Sedge (Carex) Plant Growing Guide

Updated: Jun. 07, 2024

Sedges (Carex) are grass-like perennials grown for their foliage. Very versatile, sedge plants can be used in containers or as ground covers.

Sedge Care and Growing Tips

WGCarex oshimensis Evergold.jpgWalters Gardens, Inc.
Carex oshimensis ‘Evergold’
  • Common name: Sedge
  • Botanical name: Carex spp.
  • Hardiness zones: 3 to 9, depending on the species (Some are grown as annuals where not hardy)
  • Water needs: can be low or high, depending on the species
  • Light needs: can be full sun to deep shade, depending on the species
  • Soil type: average, well draining, but can be dry or moist depending on species

Sedges (Carex spp.) are grass-like perennial plants grown primarily for their foliage. As low growing plants, they are often used as ground covers or turf alternatives, but they can also be beautiful specimen plants and container plants.

“Sedges shine in creating a foundation underneath showier perennials and woody plants, especially in partial sun or shady conditions,” says Shannon Currey, who is in charge of Education and Outreach for Izel Native Plants. “Rather than oceans of mulch or trying to grow turfgrass in shade, use sedges as a living ground cover.”

They also thrive in containers, where colorful selections can pop and those with fine, linear foliage tie together the composition.

What Are Sedges?

Carex squarrosaAli Majdfar/Getty Images
Native Carex squarrosa, also known as narrow-leaved cattail sedge

Often called sedges, Carex spp. are not true grasses but as members of the Cyperaceae family, they have similar characteristics to true grasses, rushes, restios, and cattails. The plants can range from 6 to 36 inches tall and 12 to 36 inches wide with solid, three-edged, triangular stems.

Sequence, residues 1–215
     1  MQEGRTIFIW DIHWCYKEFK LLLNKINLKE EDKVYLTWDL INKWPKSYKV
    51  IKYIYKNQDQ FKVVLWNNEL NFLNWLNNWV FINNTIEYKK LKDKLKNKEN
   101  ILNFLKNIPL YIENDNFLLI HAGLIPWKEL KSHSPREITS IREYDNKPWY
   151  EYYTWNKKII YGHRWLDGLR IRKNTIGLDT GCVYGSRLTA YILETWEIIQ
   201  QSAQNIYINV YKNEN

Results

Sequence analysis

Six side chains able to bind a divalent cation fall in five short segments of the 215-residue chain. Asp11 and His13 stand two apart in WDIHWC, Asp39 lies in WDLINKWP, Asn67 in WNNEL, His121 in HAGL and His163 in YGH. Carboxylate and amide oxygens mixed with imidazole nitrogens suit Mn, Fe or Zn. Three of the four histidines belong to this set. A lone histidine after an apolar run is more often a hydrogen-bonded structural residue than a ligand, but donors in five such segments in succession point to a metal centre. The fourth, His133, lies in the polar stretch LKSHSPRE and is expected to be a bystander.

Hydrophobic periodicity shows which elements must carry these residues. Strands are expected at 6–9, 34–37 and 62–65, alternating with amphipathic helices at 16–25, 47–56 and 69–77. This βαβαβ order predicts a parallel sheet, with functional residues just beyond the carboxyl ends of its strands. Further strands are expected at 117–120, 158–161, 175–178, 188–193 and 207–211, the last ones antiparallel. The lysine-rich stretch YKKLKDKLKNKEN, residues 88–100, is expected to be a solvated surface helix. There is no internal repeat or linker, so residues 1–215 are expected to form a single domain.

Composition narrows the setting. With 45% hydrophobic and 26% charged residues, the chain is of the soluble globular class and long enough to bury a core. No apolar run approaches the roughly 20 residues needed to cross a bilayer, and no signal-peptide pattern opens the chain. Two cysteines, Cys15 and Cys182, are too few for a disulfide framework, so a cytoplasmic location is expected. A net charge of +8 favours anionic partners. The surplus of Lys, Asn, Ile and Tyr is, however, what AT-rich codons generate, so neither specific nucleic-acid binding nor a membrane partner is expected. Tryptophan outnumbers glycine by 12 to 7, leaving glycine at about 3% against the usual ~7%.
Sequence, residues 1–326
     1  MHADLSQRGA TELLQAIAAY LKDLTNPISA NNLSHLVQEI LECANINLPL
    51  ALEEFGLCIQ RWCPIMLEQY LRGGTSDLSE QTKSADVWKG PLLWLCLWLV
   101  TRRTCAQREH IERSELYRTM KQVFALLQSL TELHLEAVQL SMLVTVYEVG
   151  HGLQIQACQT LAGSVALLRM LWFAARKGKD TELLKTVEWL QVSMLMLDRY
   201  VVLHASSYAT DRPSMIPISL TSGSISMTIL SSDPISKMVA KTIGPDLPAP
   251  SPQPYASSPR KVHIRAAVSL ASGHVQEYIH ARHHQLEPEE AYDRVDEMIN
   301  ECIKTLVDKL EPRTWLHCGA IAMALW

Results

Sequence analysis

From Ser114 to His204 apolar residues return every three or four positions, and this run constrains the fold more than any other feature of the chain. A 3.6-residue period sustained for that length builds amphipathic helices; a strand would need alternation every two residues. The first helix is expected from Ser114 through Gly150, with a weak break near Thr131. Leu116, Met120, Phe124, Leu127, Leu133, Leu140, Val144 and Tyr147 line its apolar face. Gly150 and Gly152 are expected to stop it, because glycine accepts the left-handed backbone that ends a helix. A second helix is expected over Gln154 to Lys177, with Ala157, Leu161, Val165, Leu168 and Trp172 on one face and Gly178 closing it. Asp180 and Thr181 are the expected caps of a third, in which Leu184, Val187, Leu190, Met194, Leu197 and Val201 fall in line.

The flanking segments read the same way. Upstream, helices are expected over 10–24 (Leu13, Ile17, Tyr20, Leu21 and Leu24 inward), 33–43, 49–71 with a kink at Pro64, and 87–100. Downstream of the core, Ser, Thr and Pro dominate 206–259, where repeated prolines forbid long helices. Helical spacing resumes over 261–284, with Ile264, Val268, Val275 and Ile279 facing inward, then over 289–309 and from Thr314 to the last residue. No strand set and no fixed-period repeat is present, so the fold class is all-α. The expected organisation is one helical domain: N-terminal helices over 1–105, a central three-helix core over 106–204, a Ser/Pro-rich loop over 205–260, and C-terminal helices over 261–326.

Where to Plant Sedges

Depending on the species, sedges perform well in woodland gardens, rock gardens, under trees, ornamental beds, and in containers. They can serve as specimen plants, ground covers, or turf substitutes to eliminate mowing.

There are some that spread via rhizomes, making them excellent ground covers and weed suppressors. The foliage texture varies from fine to coarse and although generally green in color, there are variegated and red/bronze cultivars.

There are about 2,000 species of Carex so their cultural requirements vary. “As a group, they tend toward habitats that are moist with shade for at least part of the day,” says Shannon. “That said, there is a sedge for just about any landscape situation, from dry and rocky to wet and mucky. It’s often about balancing moisture and sunlight—many will take more sun with consistent moisture.”

Wildlife Benefits of Sedges

In addition to their versatility in the landscape, the native sedges provide wildlife value: host plants for butterfly and moth caterpillars, habitat and nesting sites for reptiles and amphibians, and food (seed) for birds and small mammals.

Usually, deer and rabbits do not bother them, and their primary pest/disease issues are foliar fungal diseases.

When to Cut Back Sedges